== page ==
George Lucas Educational Foundation

Educational tabletop games: good or bad?

Educational tabletop games: good or bad?

More Related Discussions
  • Facebook
  • Twitter
  • Pinterest
  • Share

Hello, everyone.

I am Yuji Yamamoto, a producer at a Japanese company called AWESOME JAPAN inc.

On August 20, 2014, I will be launching a kickstarter campaign: “PALEON”, a board game about dinosaurs and other prehistoric creatures.

When I was a child, I didn’t really like studying, and my parents would scold me for playing video games every day.

So I thought, why not play games and learn at the same time?

I think parents wouldn’t scold them for playing and learning at the same time, since they’d be using their time productively and having fun.

Many elementary school classrooms have a collection of board games, and educational games like PALEON would be more useful than traditional, popular tabletop games like Connect Four. Lots of kids (especially boys!) like dinosaurs, too.

But I’m not sure if educational games like PALEON would be accepted by parents and teachers. It has well-researched information and teaches strategy, but doesn’t support a specific skill set like “Math” or “History”, unlike other educational games. There may also be people who like to separate “work” and “play”.

Please let me hear your opinions about educational games and PALEON. Would kids enjoy it? Do you use educational games (tabletop and electronic) in your classrooms and homes? Or do you enjoy old school tabletop games? Would teachers and parents be interested?

I’m sorry if this gives off too much of a “marketing” vibe. I wanted to hear your opinions as educators (and parents). Looking forward to your discussions!

This post was created by a member of Edutopia's community. If you have your own #eduawesome tips, strategies, and ideas for improving education, share them with us.

Comments (2) Sign in or register to comment Follow Subscribe to comments via RSS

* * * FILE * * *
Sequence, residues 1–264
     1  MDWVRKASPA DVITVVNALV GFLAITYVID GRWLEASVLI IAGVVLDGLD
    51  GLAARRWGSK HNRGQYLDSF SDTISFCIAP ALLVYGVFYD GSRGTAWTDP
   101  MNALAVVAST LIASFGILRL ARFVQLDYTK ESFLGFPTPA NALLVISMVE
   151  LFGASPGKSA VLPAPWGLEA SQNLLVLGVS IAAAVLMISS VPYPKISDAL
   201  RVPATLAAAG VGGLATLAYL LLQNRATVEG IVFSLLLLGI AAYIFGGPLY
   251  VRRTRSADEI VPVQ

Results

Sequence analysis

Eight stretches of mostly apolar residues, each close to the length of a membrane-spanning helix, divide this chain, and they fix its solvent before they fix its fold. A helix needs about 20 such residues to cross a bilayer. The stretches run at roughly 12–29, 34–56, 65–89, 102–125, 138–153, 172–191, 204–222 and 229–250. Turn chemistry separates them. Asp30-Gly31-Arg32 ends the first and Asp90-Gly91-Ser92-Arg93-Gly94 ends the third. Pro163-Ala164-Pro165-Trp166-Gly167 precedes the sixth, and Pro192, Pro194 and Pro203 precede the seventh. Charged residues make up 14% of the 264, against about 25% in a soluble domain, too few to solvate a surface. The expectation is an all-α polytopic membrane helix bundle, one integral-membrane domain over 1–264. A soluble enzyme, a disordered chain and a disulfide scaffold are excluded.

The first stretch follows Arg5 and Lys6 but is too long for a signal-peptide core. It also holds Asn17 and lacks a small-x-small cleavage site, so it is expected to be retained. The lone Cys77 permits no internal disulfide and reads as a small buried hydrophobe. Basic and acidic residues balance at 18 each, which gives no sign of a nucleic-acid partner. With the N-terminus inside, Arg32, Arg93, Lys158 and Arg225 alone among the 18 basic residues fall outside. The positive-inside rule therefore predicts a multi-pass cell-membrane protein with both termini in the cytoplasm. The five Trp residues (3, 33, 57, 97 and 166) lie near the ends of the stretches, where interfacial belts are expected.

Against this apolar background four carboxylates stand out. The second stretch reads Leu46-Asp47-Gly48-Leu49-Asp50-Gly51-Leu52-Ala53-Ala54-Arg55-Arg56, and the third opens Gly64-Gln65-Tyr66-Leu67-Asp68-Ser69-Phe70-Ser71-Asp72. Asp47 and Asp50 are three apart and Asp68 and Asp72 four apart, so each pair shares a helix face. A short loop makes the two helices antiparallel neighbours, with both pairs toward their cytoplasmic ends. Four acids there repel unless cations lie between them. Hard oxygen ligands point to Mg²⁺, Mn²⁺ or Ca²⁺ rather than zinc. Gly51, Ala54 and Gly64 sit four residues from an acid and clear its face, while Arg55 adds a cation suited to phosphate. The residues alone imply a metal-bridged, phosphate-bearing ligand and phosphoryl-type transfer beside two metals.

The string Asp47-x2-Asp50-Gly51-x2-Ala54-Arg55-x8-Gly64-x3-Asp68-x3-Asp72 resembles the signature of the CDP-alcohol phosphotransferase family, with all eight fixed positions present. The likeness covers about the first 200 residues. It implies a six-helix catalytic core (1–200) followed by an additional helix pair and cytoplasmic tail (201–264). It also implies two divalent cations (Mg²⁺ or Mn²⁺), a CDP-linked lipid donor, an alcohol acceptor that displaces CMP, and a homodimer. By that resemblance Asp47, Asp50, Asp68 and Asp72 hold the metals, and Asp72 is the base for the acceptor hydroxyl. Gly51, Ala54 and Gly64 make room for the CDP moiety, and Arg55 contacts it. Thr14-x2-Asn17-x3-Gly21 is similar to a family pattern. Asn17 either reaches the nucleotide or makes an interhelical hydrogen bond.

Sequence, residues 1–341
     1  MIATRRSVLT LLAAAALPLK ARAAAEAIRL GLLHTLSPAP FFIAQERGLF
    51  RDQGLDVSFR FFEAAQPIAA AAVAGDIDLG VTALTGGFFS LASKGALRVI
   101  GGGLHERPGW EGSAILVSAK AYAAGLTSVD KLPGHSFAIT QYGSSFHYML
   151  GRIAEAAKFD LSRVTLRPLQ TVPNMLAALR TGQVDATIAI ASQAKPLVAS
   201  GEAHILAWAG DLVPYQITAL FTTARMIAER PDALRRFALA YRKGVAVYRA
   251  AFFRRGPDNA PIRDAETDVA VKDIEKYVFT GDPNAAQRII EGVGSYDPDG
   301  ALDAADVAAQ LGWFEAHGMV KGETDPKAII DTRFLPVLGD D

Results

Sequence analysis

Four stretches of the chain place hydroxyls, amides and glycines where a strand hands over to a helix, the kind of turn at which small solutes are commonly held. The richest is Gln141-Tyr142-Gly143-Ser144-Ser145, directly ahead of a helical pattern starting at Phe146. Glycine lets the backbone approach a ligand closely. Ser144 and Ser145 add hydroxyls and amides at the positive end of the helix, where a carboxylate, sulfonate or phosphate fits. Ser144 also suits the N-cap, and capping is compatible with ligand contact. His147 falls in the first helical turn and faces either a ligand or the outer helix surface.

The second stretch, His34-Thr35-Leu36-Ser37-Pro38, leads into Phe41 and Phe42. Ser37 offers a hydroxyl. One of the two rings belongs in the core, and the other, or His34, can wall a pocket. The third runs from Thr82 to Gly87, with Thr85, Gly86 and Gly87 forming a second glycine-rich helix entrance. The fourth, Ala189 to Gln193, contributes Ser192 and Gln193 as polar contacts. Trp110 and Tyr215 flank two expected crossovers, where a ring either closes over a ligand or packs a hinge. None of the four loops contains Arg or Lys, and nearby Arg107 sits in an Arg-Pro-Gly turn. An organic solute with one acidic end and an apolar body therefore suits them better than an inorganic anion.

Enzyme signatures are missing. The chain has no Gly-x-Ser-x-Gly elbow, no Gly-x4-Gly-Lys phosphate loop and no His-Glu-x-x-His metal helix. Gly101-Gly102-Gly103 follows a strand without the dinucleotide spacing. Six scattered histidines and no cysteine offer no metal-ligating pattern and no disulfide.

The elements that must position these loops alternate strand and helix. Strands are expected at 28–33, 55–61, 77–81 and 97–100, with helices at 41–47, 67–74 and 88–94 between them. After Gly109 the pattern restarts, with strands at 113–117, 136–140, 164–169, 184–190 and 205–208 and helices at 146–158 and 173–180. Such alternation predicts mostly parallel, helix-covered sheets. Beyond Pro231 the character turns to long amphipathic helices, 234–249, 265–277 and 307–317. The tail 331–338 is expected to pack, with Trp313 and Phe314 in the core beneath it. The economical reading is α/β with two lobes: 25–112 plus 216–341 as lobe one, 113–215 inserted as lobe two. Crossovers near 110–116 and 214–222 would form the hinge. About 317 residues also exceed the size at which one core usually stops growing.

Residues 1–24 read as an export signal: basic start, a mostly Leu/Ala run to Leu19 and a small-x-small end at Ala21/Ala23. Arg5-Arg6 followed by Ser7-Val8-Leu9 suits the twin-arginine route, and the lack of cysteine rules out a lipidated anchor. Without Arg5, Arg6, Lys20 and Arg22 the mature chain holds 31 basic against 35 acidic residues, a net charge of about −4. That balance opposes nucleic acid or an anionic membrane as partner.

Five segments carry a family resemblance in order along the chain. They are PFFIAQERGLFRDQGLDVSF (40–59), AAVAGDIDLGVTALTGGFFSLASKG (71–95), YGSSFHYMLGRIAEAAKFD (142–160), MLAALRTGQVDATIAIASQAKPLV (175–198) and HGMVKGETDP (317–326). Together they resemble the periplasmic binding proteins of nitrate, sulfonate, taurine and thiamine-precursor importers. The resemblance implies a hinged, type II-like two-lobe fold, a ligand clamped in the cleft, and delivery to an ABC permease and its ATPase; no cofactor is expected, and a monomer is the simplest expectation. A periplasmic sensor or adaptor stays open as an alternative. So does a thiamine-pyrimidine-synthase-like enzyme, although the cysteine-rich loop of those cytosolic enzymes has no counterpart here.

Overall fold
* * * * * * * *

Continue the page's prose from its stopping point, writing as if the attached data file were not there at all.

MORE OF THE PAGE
Samer Rabadi's picture
Samer Rabadi
Online Community Engagement Manager

Hi Yuji, posts asking for app feedback and/or kickstarter campaigns are typically only allowed on the Community Bulletin Board. In this case, you've asked some interesting questions, so we will leave your post here to see if the community is interested in responding.

I will however be deleting the link in your post. If you'd rather keep the link, then we'll have to move your post.

Kevin Jarrett's picture
Kevin Jarrett
Maker Educator, Google Certified Innovator, Dreamer, Doer. Learning experience designer, workshop leader/speaker, author. Stanford #Fablearn Fellow. #GoogleEI

Hi Yuji!

As Samer points out, your questions are interesting, so let me offer some insight.

First of all, I shared your link with a parent of a child I know who is utterly *OBSESSED* with dinosaurs - she loved it and I think will be a backer! I know dino's are very popular with many kids (yes, boys, but girls too) so I am sure your product will be a hit.

Success in schools is another matter, I think. In order for a game like this to gain wide acceptance and adoption, you're right, there has to be a curricular link. With time so precious in classrooms these days, teachers everywhere are being challenged every day to teach what the kids need to know and be sure they know it. When the curriculum includes dinosaurs, your game could be just what the doctor ordered. But then it would likely sit, only perhaps being used during recess or other 'free' time. At least that's my take on it.

You are probably familiar with the term 'gamification' - it's very hot in education right now. People are realizing that kids learn a great deal during play and companies are scrambling to find ways to use games in meaningful ways that allow kids to explore and interact with content, learning in the process. So, you are on the right track.

Personally, I think the 'low tech' side of tabletop gaming has a lot of potential and is a welcome change from the 'technology overload' we have in our lives these days. I'd love to see a similar game put together around another concept. Perhaps you could reach out to some teachers and parents to get their input?

Good luck!


Sign in to comment. Not a member? Register.